I departed Santa Barbara on Nov. 4 on the 1970 26-foot Columbia sloop, Pelamis. This boat had been for sale but no one would make an offer — basically, a boat without value in this market. I’m told one could be bought for $800 or less. It is a good and well-built boat, although the sails are old and repaired. I sailed on a starboard tack with 10- to 20-knot winds directly to Forney Cove at the west end of Santa Cruz Island, and anchored under sail in 25 feet of water about 3 p.m. I carried a full main and a genoa jib the whole way, luffing a bit in windy lanes where it approached 20 knots.

Lane Anderson

Lane Anderson

Forney Cove is good shelter from seas in all but southeaster storms. It is protected from the north and northwest by a 500-foot ridge that ends in West End, and from the west and southwest by Fraser Point and the shallow rocks, ending in Bird Rock, that extend toward the southwest. At high tide, westerly swells come over the rocks and make the anchorage rough, and the winds are felt in the cove, blowing right over the ridge, Fraser Point and the rocks. Santa Rosa Island also provides some protection to the southwest; it is only eight miles away. A large kelp forest wraps around Bird Rock and the shoals, and Fraser Point and West Cove break the big seas coming from the northwest. Spray from them flies over the 60-foot bluffs. When a strong northwester blows, you can feel Alaska in it.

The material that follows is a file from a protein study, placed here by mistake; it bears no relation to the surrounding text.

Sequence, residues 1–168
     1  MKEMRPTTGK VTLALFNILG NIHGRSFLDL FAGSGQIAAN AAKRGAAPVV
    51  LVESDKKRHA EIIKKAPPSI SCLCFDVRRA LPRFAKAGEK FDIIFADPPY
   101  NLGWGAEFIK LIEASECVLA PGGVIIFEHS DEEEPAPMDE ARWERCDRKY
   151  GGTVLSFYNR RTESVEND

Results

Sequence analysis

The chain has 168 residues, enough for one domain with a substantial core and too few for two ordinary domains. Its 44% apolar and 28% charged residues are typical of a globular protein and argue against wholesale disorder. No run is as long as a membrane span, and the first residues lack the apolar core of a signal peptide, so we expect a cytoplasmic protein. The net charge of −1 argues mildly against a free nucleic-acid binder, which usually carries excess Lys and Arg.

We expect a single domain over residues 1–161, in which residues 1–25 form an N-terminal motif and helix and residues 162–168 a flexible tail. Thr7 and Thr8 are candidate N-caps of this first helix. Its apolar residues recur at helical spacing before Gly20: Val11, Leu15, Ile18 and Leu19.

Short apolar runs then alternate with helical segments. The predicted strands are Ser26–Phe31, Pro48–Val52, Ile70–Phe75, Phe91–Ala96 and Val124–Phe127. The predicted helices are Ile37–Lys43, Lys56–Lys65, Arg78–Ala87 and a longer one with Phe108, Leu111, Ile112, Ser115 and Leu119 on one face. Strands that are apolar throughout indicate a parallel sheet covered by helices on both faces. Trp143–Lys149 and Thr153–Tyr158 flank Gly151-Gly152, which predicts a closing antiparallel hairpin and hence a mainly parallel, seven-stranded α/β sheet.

I rested the night and went ashore in the morning, landing my kayak by the landing sign placed by The Nature Conservancy, which own this part of the island. My hike that second day was just to Fraser Point and a large white cross with the name Steve Crombie on it. I noticed lots of fox track on the trail and road but did not see any foxes. The wind was increasing and the seals and seabirds were cavorting in the 20-foot seas as they rolled in. The cover on the sides of the bluffs is brown grass about a foot high, razor grass near the water of a greenish brown hue, and chaparral. There are clumps of white morning glory and a few prickly pear cactus.